I don’t remember exactly how long it was after my son’s death — maybe a year — when I saw an ad in the local paper for a “spiritual gallery” with a psychic medium who could connect attendees with deceased loved ones. I made a reservation using a shorter version of my first name and paid cash when I arrived. There was no way to do any background research on me.
The psychic medium was a young woman named Nikki, and she was very nervous. She admitted it was her first time doing an event like this. About eight of us turned out, including my husband. Nikki was a tiny wisp of a woman with long hair and a sweet face. She clutched a large Diet Coke from Burger King and occasionally took long sips, and long pauses, throughout the session. Oddly, for someone so tiny and cute, she was also a former US Marine.
I’ve had readings with several psychic mediums before and after that first session with Nikki. Some were world renown. Some had television shows. One charged so much money I’m embarrassed to admit what we paid. All of them start out with generalizations and engage in what seems like fishing. I don’t fall for this and only play along to a certain extent. I wait patiently for them to say something so personal and private and specific that there’s no earthly way for them to know this detail about me or my loved one. Few psychic mediums deliver something that makes me sit up and think well that’s interesting! It happened occasionally with the famous ones, it happened with the expensive one, but among all the psychic mediums, tiny Nikki said the most personal and unexpected things.
Nikki said a prayer on her rosary before starting her spiritual gallery, and wound up giving everyone in the room a personal reading that lasted about fifteen minutes each. She was exhausted by the end of the session. I don’t remember what she said to anyone else that day, but what she told me still remains vivid.
At first I thought Nikki winged it. She spoke about my father coming through, and then my mother, but the information seemed too general. The facts applied to my parents, like they were in love their whole lives, they died months apart from lung issues, my dad was sarcastic — but none of it was personal enough to make me a believer. Then it got more interesting. Nikki said my mom was with a young blood relative and was holding his hand. He’s running around and it’s important to him to show that he’s able to do that. She claimed he wants me to give all his toys to his little brother (I had not mentioned a little brother). She was surprised there wasn’t also a little sister at home (not yet!).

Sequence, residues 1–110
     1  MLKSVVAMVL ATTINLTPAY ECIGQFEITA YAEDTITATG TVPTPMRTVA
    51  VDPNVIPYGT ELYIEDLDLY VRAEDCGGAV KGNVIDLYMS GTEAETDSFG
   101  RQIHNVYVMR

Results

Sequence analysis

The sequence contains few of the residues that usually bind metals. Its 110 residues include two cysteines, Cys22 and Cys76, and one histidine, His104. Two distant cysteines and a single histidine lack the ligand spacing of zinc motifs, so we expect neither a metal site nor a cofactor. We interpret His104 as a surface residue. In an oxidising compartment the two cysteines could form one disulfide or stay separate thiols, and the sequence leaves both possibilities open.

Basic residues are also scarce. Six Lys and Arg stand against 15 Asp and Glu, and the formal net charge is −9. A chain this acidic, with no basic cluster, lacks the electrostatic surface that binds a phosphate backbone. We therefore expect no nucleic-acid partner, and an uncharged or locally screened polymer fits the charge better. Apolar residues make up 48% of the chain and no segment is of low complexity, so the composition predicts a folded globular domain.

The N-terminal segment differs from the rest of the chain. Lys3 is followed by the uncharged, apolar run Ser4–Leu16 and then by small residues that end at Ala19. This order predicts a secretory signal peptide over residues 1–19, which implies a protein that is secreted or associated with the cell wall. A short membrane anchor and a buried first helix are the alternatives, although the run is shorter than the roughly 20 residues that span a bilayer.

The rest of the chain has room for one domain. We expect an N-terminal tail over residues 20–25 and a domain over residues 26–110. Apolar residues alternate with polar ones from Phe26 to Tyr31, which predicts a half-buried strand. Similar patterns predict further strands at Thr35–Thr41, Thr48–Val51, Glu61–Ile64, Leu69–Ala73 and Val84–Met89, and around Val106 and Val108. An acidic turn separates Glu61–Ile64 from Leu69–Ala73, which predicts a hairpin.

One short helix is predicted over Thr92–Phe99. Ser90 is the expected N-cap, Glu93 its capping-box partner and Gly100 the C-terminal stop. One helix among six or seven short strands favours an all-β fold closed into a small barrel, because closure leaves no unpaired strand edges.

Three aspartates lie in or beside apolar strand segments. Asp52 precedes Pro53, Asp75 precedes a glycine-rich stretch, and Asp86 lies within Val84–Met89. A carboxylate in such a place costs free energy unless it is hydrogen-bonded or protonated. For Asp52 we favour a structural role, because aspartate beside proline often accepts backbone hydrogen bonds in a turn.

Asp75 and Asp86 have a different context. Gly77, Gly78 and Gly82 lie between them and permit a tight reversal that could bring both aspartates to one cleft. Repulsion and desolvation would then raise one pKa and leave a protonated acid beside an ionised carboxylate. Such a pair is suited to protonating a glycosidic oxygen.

And then it happened. Nikki took a long sip from her Diet Coke, then asked if I ever cracked my son’s toes. I immediately began to cry.
Who cracks another person’s toe knuckles? It’s one of those weird, embarrassing, idiosyncratic quirks that should never be revealed beyond immediate family, yet somehow Nikki knew my son and I did this all the time. I asked her how she knew, and she said, “He cracked my toe.” The lady in the front row confirmed she heard it crack during my reading. I was amazed.
Nikki finished the session by saying our loved ones constantly leave us signs, and they are always with us. Their heaven is watching us and they want us to be happy.
The famous psychic with the television show told me a person is supposed to have one amazing reading that blows their mind, and then move on with their life.
But that’s not what happened. I wanted Nikki to be a telephone line to my son. I was desperate and hopeful and wanted to connect with him on a regular basis. I returned to her galleries every four months (or so) over the next three years (I noticed the same people there as well). I wanted to know if my son was with us at such-and-such a place, or if he came along to some other family event. I wanted to feel like a complete family again and this was the closest I could come. I also wanted more signs — obvious, unmistakable ones. But the more I went to see Nikki the more depressed I got. With each subsequent visit I experienced diminishing returns. Over time, Nikki had less and less to tell me.
I realized I wasn’t being fair to Nikki. She’s not a telephone with a direct line to my son. That’s not her job. Her job is to give me comfort, let me know my son is okay, and assure me that love endures all obstacles including death.
Eventually, I stopped seeing her, although once in a while I think about making another appointment. Every year around this time I feel a strong urge to connect with my son — he died at the end of August, just when he should have been going back to school. All month I brace myself for the day he died, and two days later for the day we buried him. I have flashbacks…the funeral director telling us to “kiss him goodnight” before he shut the coffin (the same wood finish as his bedroom set). If I close my eyes I can see handfuls of dirt fall on top of the burial vault until our family and friends, one by one, finish the Jewish ritual of dropping pieces of earth into his grave.
Aside from the birth of my daughter, the only thing that truly helped me with grief was seeing Nikki. They say time heals all wounds. Well, I’m still waiting…